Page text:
Refraining from giving information on commercial options
Extreme 2: The doctor only provides information on treatment options that are approved and funded by the state and does not on his or her own initiative address treatment possibilities that require full self-payment.
An argument in favour of this line of action is that the doctor should provide the patient with information that benefits him or her, and which the patient has a real opportunity to make use of (Sections 1 and 2). Publicly funded treatment is available to all those who fulfil the medical criteria. Treatment that requires self-payment can only be of benefit if the principle of equal treatment is violated. If doctors are to take the principle of equal treatment seriously, irrespective of personal finances, they are in practice barred from offering or promoting treatment that depends on the ability to pay.
Another argument is that theoretical information on private treatment options is a waste of time if the patient cannot afford to make use of it, and time is a scarce resource in the daily life of oncologists. Discussions on limitation of treatment at the final stage of oncological patient pathways might constitute a better use of this time. Some cancer patients suffer from overtreatment and delayed initiation of palliative care. It should be considered whether a focus on good palliative care at the end of life, with information on symptom relief and care provision by the next of kin as well as other important palliative measures, ought to be given priority over formalistic information on private treatment options.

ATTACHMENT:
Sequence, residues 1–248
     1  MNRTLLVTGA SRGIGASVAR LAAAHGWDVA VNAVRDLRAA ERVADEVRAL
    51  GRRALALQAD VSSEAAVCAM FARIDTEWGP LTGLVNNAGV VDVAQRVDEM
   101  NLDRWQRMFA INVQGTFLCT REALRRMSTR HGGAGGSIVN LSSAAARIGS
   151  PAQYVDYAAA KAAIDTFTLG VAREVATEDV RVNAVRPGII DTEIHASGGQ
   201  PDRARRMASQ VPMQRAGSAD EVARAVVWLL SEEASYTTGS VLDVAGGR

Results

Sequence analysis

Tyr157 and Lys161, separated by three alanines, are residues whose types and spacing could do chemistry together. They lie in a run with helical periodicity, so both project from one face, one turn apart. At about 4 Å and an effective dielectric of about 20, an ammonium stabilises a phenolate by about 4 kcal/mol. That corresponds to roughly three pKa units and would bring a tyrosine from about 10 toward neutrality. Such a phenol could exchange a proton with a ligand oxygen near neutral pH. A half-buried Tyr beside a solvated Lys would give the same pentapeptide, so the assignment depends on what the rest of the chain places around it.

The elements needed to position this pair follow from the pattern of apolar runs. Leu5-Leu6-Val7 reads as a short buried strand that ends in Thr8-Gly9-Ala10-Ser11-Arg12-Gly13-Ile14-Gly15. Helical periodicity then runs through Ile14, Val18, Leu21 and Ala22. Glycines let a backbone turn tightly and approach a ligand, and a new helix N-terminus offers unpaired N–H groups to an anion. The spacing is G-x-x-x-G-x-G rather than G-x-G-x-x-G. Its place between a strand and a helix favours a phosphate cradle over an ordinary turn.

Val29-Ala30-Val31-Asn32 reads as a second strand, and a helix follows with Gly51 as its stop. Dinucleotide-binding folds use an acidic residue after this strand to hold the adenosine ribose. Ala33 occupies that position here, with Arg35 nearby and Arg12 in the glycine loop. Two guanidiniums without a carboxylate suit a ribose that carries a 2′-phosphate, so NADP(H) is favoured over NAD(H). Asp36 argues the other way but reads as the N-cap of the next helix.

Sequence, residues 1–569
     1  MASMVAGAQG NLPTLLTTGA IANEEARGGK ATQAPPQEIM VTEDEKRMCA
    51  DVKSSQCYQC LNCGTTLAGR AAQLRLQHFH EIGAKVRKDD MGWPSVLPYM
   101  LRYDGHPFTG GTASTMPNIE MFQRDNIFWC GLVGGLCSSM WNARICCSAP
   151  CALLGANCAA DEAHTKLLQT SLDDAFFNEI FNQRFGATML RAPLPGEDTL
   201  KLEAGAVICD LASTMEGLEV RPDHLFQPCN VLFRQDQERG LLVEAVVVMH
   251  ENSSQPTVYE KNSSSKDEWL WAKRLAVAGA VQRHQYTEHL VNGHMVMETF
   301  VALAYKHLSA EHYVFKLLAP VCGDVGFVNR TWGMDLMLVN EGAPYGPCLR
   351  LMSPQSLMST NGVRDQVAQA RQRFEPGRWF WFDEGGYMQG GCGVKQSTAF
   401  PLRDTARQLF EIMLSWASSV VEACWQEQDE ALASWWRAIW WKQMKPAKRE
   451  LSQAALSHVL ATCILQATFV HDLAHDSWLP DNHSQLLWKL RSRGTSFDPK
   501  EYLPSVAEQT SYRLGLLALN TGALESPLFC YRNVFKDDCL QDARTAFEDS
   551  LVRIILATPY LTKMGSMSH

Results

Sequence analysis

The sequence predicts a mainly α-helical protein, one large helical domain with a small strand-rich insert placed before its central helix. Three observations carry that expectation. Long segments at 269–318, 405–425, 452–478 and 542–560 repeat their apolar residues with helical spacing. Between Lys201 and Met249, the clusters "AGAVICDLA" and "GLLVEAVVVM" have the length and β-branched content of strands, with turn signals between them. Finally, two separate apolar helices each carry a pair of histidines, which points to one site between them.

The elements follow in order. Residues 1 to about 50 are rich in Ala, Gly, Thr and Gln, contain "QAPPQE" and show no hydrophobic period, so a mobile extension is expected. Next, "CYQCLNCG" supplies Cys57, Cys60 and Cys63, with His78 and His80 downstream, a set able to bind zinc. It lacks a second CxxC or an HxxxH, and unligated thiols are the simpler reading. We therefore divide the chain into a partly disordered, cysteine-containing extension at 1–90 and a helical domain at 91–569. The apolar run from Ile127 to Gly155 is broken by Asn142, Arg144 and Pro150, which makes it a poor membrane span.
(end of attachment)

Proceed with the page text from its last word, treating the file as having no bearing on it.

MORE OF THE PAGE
A further point could be that in Norway, we have a system for assessing and prioritising the types of treatment that we can offer, and doctors employed in the public sector have a duty of loyalty barring them from actively promoting treatments that we have not (yet) found ourselves able to prioritise. Although individual oncologists may feel a strong responsibility for helping the patient sitting before them, they have an equally great responsibility for all the patients in the waiting room and all those who are waiting for an appointment (Sections 1, 12 and the principles of fairness and equal treatment).
However, there are also arguments that speak against restricting information to the options available in the public health services: Section 3 says that ‘a patient is entitled to information on his or her condition and treatment […]. The patient shall be informed to the extent he or she wishes. Information which may be thought to be particularly difficult to bear, shall be given with caution’.